Heritage & Garden Tour:
As mentioned above, Vergelegen is home to a number of national monuments that seek to preserve the way people lived in the Cape in the 1700s. On the estate you can take a tour of the homestead, library, mill ruins and slave lodge, as well as the whopping 17 formal gardens that are intricately interwoven and surround the historic buildings. While each and every one of the gardens is gorgeous in its own right, the rose blooms are a firm favourite among visitors.
While the rest of the buildings on the estate may be centuries old, the cellar is a work of modern art designed by French architects in a manner that combined the old with the new. It's located on a little hill a few km away from the commercial hub of the estate and offers magnificent panoramic views of the Helderberg mountains, False Bay and way off in the distance, Table Mountain too. Apart from the spectacular scenery, the cellar tour will offer you insight into the complex process that is winemaking. You will also get the opportunity to taste wines in different phases of fermentation. Tours cost R20 per person, last about an hour and happen twice a day at 11:30 and then again at 15:00. Making a booking is recommended: 021 847 2122
Where the cellar is somewhat removed, Vergelegen's Tasting Centre is right in the hub of activity, overlooking one of the picturesque gardens. There are two tasting options - either you can go for the Flagship wines, which will cost you R10 or you can opt to taste 6 Reserve & Premium wines for R30. Either way you will have a knowledgeable and enthusiastic advisor to guide you through the process and help you make the most of the experience.
Vergelegen has three different dining options:
Camphors, Stables Bistro and picnic baskets. Lavish and classy, Camphors is Vergelegen's signature restaurant and offers guests a choice of either a 2-, 3- or 5-course option that you can mix and match from the a-la carte menu items. The sommelier will advise you on which wines compliment which meals. They are open from Wednesday to Sunday for lunch (12:00 - 15:00) and also for dinner on Fridays and Saturdays (18:30 - 21:00).
Stables offers a more relaxed dining experience. They are open daily from 09:30 - 17:00 (the kitchen closes at 15:30) and meal prices vary from R58 - R150.
Finally, between November and April you can enjoy picnics in the estate's mystic camphor forest for R199 per person (exl wine).
More info: Visit the Vergelegen website
Although not much is known about the farm's earliest history, it was owned by Huguenot Jean le Long and estimated that vines were probably planted in 1688. It was taken over by Abraham de Villiers in 1715 and remained in the De Villiers family until 1879. The Manor House was commissioned by Jean de Villiers in 1812, underwent restoration in 1973 and was finally declared a national monument in 1976. If you have a soft spot for Cape Dutch architecture, it's an absolute must-visit.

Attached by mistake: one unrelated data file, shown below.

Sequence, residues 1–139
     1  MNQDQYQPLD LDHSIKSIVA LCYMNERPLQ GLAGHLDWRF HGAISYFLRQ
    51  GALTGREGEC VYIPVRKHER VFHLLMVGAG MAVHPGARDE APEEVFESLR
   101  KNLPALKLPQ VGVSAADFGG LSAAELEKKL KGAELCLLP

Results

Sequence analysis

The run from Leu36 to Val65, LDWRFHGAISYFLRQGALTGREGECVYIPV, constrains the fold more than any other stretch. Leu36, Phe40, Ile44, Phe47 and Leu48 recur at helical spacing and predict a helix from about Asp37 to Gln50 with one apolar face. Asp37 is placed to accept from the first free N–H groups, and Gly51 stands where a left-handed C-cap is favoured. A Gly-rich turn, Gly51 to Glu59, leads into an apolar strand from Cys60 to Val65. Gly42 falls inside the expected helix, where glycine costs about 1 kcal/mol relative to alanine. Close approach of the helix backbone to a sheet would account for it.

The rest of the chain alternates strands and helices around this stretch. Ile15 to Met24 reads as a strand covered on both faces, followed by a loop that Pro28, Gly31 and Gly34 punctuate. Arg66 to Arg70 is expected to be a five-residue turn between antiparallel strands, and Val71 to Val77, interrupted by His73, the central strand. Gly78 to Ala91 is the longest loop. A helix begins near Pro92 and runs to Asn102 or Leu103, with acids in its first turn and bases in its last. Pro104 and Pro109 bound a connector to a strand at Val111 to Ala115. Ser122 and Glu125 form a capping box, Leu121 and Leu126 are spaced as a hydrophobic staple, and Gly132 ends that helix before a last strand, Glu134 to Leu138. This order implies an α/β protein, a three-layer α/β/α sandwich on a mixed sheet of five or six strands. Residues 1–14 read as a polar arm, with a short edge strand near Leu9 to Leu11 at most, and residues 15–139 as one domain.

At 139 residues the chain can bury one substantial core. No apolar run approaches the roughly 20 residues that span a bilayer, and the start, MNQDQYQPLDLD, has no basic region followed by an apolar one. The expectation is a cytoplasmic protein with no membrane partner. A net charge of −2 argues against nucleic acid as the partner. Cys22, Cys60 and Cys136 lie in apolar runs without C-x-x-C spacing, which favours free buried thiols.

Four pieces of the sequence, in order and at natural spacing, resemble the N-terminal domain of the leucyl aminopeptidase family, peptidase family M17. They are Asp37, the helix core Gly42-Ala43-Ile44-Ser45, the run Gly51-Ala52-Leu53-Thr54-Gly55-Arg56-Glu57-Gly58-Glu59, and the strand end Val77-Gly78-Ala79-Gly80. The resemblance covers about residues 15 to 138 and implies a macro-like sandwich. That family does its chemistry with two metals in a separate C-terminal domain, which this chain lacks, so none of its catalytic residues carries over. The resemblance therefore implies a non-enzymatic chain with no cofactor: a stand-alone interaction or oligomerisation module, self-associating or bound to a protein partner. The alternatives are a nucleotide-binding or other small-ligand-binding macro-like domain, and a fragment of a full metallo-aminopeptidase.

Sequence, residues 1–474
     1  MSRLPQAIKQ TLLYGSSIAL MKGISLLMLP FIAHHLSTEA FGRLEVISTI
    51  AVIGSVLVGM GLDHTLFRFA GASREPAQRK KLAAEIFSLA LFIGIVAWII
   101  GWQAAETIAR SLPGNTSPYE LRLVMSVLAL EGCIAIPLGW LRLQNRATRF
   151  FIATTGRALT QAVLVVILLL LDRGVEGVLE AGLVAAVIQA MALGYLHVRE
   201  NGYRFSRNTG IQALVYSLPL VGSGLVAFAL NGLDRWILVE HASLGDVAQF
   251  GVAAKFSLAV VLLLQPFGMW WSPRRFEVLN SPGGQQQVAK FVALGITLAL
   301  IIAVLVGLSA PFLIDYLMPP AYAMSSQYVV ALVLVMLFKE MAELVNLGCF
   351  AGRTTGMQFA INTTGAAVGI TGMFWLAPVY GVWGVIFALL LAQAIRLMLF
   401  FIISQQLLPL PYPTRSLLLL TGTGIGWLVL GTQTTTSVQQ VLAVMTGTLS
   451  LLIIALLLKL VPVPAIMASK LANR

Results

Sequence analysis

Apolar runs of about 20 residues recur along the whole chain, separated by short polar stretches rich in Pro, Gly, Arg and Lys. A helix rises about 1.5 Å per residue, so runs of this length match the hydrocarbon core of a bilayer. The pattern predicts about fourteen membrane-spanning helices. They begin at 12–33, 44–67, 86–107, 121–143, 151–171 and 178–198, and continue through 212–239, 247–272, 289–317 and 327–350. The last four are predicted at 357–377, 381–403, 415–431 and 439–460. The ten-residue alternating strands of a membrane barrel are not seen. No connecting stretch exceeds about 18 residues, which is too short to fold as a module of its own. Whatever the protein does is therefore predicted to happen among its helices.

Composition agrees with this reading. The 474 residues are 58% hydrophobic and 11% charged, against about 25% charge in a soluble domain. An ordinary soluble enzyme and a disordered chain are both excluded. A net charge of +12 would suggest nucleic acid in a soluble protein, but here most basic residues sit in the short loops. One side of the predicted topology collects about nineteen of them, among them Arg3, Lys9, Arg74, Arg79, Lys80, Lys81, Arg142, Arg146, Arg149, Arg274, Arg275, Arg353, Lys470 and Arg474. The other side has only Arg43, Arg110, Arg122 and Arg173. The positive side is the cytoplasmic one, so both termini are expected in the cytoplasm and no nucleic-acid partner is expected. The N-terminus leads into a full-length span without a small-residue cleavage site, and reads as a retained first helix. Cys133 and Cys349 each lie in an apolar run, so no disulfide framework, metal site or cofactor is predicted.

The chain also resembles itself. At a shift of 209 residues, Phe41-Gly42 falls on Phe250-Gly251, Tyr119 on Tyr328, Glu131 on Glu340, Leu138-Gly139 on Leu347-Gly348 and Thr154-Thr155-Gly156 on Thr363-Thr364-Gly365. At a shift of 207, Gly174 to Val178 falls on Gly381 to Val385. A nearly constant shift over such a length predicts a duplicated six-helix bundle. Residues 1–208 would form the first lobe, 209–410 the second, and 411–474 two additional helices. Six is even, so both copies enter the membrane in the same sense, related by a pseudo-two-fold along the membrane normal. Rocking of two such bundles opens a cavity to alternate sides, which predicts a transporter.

What to do:
Whether you're into history or the outdoors or food or, really, just wine, Boschendal has a huge variety of activities for guests to enjoy.
From November to March every year, you can get up close to the wonderful plants that provide us with wine and take in the splendour of these 300+ year old vineyards from an elevated vantage point. Tours take place at 10:30 and 11:30 every day and booking is essential.
Boschendal also offers cellar tours year-round, daily at 10:30 and 11:30 as well as 15:00. Both vineyard and cellar tours are followed by wine tasting
Wine & chocolate tasting
If you're looking for something slightly more exciting than a straightforward wine tasting, why not throw in some chocolates? A chocolate wine tasting costs R30 and takes place in the Cellar Door Wine Tasting Centre. Boschendal offers tastings on a daily basis between 09:00 and 16:30
Manor house tour
One of very few remaining traditional Cape farmhouses, during a tour of Boschendal's Manor House you will be able to admire the high yellowwood ceilings, antique furnishings, incredible architecture and intriguing painted friezes that were discovered on the walls during renovations in 1973. These paintings might have been the work of itinerant artists or resident slaves two hundred years ago. A self-guided tour costs R15 per person and one with a guide R20. The Manor House is open between 09:30 and 17:00 daily.
Horse and carriage rides
One of the latest additions to Boschendal's activity offering, is horse, pony and carriage rides. The horse rides take place on the estate's trails, while pony rides happen at the werf. Carriage rides take place in a 2 person cart drawn by a Percheron draft horse and could be a perfectly romantic experience. Call 021 870 4211 for bookings and enquiries
Apart from a wealth of ancient trees, Boschendal is also home to a gorgeous rose garden designed by Gwen Fagan, which features many of the original roses that were cultivated at the Cape and in the East Indies.
As with the other two estates, Boschendal has a variety of dining options to choose from. Die Werf, situated in the beautifully revamped original cellar of the Manor House, is however their flagship restaurant. It is open for lunch from Wednesday to Sunday (12:00 - 14:30) and also for dinner on Fridays and Saturdays (18:00 - 21:00). Reservations are essential and can be made on 021 870 4206. The Farm Shop & Deli is the more relaxed option serving breakfast, tea and lunch on a daily basis from 08:00 - 17:00 in the week and 08:00 - 18:00 over weekends.
If there's one thing, though, that Boschendal is famous for, it's their picnic baskets enjoyed on the lawns during summer. The tradition still stands and gets better every year! Picnics are R175 per person (excluding wine) and there are a variety of menu options.